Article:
3. Assess the onboarding process
Many of our clients rely on third parties to introduce business, and have an expectation (often based on experience) of the quality of the information provided. Under the UK's Marine Insurance Act, for example, brokers are expected to provide information in good faith, but our experience has shown that they, in turn, are reliant on ship owners/operators which may not be keen to release the full detail of their ownership or operations. Use of a compliance questionnaire can gather information that focusses on key concerns. Capturing this information also assists in implementing a governance structure for the day-to-day management of compliance.
4. Educate both internal and external stakeholders
Compliance is often seen as yet another "business prevention device" by stakeholders, but for regulated companies, non-compliance can be business critical. It is important to discuss compliance expectations with both employees and business partners if a compliance risk management culture is to be established. Frequent training is also a vehicle that helps to deliver these expectations and establishes clear ownership of risks and encourages transparency. Sharing outputs from compliance risk assessments and the evaluation of counterparties also allows employees to better understand existing and emerging risks and helps to prioritise remediation activities. Likewise, including compliance language and audit rights in agreements with counterparties formalises the importance of adhering to applicable legal regulations and internal compliance policies and processes.
5. Ongoing monitoring and auditing
Compliance shouldn't just be a matter of ticking the least number of boxes possible. Monitoring and auditing counterparties will help your company stay ahead of risks, particularly in the complex corporate international trading environments such as shipping and commodity trading, where business can be transferred from a sanctioned entity to an apparently "clean" entity very rapidly. Designing an approach that provides current information to your organisation and captures intelligence on a current or potential business partner is key — as is the ability to undertake regular audits that flag up operational changes with these business partners.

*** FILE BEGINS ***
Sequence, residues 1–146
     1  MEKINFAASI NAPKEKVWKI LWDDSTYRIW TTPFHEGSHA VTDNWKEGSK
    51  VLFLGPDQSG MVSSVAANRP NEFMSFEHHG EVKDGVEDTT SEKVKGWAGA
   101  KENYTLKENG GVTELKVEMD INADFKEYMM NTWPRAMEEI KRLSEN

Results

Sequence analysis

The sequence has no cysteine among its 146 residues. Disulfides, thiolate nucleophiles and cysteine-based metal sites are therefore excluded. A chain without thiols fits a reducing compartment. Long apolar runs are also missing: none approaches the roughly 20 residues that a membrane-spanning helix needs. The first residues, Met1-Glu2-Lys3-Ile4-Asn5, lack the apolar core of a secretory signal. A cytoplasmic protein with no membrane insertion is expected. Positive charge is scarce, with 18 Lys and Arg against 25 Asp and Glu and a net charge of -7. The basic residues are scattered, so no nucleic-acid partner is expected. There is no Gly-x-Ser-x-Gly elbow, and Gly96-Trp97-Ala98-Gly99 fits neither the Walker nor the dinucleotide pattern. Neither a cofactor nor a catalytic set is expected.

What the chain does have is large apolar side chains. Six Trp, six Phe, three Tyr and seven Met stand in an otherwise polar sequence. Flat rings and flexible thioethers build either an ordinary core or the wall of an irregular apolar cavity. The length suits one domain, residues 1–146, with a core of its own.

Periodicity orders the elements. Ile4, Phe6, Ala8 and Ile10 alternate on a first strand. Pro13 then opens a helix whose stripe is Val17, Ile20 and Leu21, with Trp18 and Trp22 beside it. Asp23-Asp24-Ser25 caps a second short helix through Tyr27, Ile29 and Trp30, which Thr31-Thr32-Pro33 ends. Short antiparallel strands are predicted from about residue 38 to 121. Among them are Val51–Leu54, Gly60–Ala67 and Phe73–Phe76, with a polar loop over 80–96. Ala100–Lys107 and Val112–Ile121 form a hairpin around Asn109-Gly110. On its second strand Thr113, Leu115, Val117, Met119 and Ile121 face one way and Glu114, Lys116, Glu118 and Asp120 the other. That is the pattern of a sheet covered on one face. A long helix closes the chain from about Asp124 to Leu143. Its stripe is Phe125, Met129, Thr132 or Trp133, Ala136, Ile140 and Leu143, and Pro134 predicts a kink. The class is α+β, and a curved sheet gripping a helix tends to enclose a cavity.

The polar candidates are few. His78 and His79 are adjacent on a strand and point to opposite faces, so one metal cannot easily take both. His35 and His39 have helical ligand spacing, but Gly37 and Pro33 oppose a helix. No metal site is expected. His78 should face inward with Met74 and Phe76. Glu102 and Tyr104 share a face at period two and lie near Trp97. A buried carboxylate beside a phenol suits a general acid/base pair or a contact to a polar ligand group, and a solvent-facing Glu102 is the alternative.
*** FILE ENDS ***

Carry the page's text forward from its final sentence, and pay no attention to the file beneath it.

Real world implementation
The range of initiatives carried out by our clients in relation to compliance varies hugely. Regulated entities cannot afford not to have policies in place, other clients use compliance to burnish their credentials with stakeholders, financiers and counterparties, and others spend little time addressing this area at all. Managing and implementing compliance risk is front-loaded cost wise, but it certainly doesn’t require a blank cheque. Responsive procedures, a dedicated compliance officer or team, a commitment to training and access to the right intelligence will foster a risk management culture that ultimately pays for itself.
While each client will have their own compliance framework to operate within, the industry has found our due diligence provides the rapid intelligence they need to assess compliance risk. This has been particularly critical in the existing sanctions environment, but is equally true, for example, in complying with credit insurance or banking requirements. With our deep and global pool of intelligence, and trusted industry record, clients know they can use our intelligence to prove they have sought out impartial, independent advice on these subjects.
For further detail on Infospectrum's Counterparty Management System, which ties the counterparty onboarding and assessment process directly into our intelligence, click here.
If you are interested in learning more about how Infospectrum’s expertise can help to support your organisation with compliance, click the button below to get in touch.